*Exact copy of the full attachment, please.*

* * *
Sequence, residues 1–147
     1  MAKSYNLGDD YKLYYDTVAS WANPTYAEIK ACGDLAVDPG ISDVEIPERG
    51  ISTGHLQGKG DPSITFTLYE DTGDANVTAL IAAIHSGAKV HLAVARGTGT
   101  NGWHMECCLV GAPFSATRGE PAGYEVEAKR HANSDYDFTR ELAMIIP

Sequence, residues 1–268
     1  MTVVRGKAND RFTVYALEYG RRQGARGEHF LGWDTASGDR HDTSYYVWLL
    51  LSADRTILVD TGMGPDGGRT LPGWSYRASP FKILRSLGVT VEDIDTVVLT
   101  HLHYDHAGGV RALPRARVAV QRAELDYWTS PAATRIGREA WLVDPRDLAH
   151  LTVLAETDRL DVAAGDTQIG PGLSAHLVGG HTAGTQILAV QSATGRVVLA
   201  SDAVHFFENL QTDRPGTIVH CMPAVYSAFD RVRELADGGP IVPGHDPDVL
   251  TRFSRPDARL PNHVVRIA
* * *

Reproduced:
Sequence, residues 1–147
     1  MAKSYNLGDD YKLYYDTVAS WANPTYAEIK ACGDLAVDPG ISDVEIPERG
    51  ISTGHLQGKG DPSITFTLYE DTGDANVTAL IAAIHSGAKV HLAVARGTGT
   101  NGWHMECCLV GAPFSATRGE PAGYEVEAKR HANSDYDFTR ELAMIIP

Sequence, residues 1–268
     1  MTVVRGKAND RFTVYALEYG RRQGARGEHF LGWDTASGDR HDTSYYVWLL
    51  LSADRTILVD TGMGPDGGRT LPGWSYRASP FKILRSLGVT VEDIDTVVLT
   101  HLHYDHAGGV RALPRARVAV QRAELDYWTS PAATRIGREA WLVDPRDLAH
   151  LTVLAETDRL DVAAGDTQIG PGLSAHLVGG HTAGTQILAV QSATGRVVLA
   201  SDAVHFFENL QTDRPGTIVH CMPAVYSAFD RVRELADGGP IVPGHDPDVL
   251  TRFSRPDARL PNHVVRIA